A Different Kind of Truth is the 12th studio album by American hard rock band Van Halen, which was released on February 7, 2012 through Interscope Records. A Different Kind of Truth is the 12th studio album by American hard rock band Van Halen. Released on February 7, 2012, by Interscope Records, the record is Van Halen's first full-length album of studio material with former lead singer David Lee Roth since 1984.
By VHND contributing writer Geoffrey Bell Van Halen’s ‘A Different Kind of Truth’ Released on this day in 2012! A Different Kind of Truth is an incredible album by any measure. And whether it’s true or not, ADKOT seems like the ultimate “thank you” to the world’s most dedicated Van Halen fans.
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In early 2012 (Feb. 7th), Van Halen dropped the hammer on 13 songs and melted our ears off with the result. Every unique aspect of the band’s recorded history is represented in some form or another, with more bravado and excitement than any reasonable historian of the band could have expected in his or her wildest dreams! Which brings us to the seed material for roughly half the album. Before it’s release, the Van Halen News Desk reported (exclusively) that the band was working on unreleased demos from 1976 and 1977. Airlink awll3028 windows 7 driver. Longtime fans responded with a unanimous cheer, because while the songs were never officially released, they had been in circulation among collectors for at least 15 years.
Recently, several critics and cheap-shot artists have decided that Van Halen took the easy way out by drawing from this catalogue of unreleased music (failing to mention that nearly half the album is completely new material). We couldn’t disagree more. A great song is a great song no matter when it was first conceived. In fact, it’s well documented that rock bands regularly employ this strategy. All of the material belongs to Van Halen and was written at a time when the band was absolutely fearless. Eddie Van Halen was a riff-making machine during the late 1970’s, single handedly changing the way subsequent generations would approach the instrument. And while plenty of that music ended up on the first six albums, the band’s release schedule couldn’t keep pace with EVH’s creative output.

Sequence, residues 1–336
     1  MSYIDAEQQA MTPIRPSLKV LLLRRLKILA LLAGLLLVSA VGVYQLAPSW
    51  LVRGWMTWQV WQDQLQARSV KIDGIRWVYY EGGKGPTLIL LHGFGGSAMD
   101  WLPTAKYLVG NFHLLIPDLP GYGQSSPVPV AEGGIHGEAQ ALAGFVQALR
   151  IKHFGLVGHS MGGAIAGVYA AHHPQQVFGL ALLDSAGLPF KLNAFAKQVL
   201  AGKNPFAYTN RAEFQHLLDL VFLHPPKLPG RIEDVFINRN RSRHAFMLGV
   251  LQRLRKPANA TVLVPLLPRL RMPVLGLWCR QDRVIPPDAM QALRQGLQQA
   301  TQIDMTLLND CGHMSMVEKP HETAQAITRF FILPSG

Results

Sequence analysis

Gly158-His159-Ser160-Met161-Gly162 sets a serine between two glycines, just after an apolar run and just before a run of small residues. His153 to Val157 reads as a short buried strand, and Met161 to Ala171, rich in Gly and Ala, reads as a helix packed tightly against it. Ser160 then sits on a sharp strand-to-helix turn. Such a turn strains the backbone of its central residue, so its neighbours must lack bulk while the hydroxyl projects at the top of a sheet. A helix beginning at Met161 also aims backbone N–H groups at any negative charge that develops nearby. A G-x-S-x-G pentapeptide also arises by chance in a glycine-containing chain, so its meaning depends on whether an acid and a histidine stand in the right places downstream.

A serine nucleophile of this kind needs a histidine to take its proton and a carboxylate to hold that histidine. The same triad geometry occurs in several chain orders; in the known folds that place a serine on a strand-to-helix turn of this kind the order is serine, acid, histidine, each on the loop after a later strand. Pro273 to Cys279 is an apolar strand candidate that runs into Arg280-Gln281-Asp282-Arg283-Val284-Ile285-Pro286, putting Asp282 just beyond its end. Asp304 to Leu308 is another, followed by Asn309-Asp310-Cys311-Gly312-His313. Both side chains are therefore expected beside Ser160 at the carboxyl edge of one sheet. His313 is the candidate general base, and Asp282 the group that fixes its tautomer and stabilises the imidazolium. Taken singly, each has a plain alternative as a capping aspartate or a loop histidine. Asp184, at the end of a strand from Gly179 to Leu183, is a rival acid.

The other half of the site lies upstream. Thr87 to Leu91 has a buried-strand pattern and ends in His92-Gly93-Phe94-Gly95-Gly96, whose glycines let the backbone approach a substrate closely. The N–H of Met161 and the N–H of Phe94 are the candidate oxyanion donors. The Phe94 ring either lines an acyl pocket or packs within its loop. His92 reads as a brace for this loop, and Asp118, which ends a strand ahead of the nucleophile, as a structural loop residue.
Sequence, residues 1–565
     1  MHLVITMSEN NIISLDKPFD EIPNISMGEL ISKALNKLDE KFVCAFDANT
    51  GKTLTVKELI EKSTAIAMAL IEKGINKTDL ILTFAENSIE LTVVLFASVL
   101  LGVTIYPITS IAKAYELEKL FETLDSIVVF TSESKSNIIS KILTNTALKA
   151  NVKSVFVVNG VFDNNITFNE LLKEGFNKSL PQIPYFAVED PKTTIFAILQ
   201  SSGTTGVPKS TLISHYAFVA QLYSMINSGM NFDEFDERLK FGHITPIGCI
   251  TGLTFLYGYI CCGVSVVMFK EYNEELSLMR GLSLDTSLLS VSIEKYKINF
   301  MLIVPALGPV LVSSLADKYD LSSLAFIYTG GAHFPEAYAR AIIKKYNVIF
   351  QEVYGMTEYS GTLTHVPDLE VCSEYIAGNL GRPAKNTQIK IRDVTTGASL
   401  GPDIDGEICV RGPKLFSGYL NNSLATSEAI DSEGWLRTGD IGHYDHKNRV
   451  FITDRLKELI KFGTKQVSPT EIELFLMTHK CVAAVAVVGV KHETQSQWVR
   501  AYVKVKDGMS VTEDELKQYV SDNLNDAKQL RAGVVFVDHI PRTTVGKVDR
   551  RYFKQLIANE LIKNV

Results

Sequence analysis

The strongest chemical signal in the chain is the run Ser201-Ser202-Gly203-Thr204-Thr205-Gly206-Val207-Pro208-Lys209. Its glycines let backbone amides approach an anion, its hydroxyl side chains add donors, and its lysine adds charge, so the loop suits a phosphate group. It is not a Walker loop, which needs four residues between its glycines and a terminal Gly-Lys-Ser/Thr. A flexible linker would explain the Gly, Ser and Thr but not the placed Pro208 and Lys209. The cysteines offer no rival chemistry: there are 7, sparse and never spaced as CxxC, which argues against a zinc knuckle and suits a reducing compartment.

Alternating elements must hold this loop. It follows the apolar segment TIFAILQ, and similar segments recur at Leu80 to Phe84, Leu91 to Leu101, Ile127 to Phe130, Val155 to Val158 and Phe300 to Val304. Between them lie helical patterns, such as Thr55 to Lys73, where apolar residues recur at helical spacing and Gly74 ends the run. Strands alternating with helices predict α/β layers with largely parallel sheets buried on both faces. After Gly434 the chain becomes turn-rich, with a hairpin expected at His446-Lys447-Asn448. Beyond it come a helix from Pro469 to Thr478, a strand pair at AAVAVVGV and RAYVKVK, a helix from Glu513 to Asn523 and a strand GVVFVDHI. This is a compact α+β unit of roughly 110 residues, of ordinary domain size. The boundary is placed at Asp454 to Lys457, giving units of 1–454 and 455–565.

Over time, their earliest material was overshadowed by what was happening in the moment, because Eddie was still at his creative peak. Furthermore, Eddie continued to dip into his endless surprise box of riffs and ideas on every studio album through 1995’s. When the band began recording, these unreleased classics were the perfect way to connect the past and present and shake the rust off with original singer David Lee Roth.
We are 100% in favor of the band milking every last drop of creativity from that era – and there’s more where that came from. It is perfection defined. Which leads us to the album. When word leaked that award-winning producer/hitmaker John Shanks was on board, there was an instant fear that he would pour a thick layer of pop syrup on the finished product. Shanks is known for his work with a number of top-40 artists, and fans wondered if those influences would affect the new music.
Instead, it appears he used gunpowder. While Shanks’ ultimate influence is unknown, A Different Kind of Truth is heavier than any VH album since and is arguably the most aggressive Van Halen album ever!
It is also devastatingly efficient. Working from the smash and grab blueprint of their early recordings, most of the songs clock in at under four minutes. Three cuts are under three minutes, which seems like the blink of an eye when compared to songs on the band’s later albums. The album opens with “Tattoo,” the lead single and an interesting choice to kick off the set.
The riff is based on an unreleased song called “Down in Flames,” known by fans from several early live recordings. A studio version of “DIF” has not been circulated, so all comparisons are relative to live performances. Reception to “Tattoo” was mixed, in large part because everyone expected the first single to be a flat-out ballbreaker. “Tattoo” is a good song with a catchy hook (absent from the original version) and is instantly recognizable as Van Halen – one of the band’s many gifts. With a volume-swelled ending that tips the hat to “Down in Flames” and “” from, “ Tattoo” barely has a chance to soak in before the band thrusts the handshaker into another gear.
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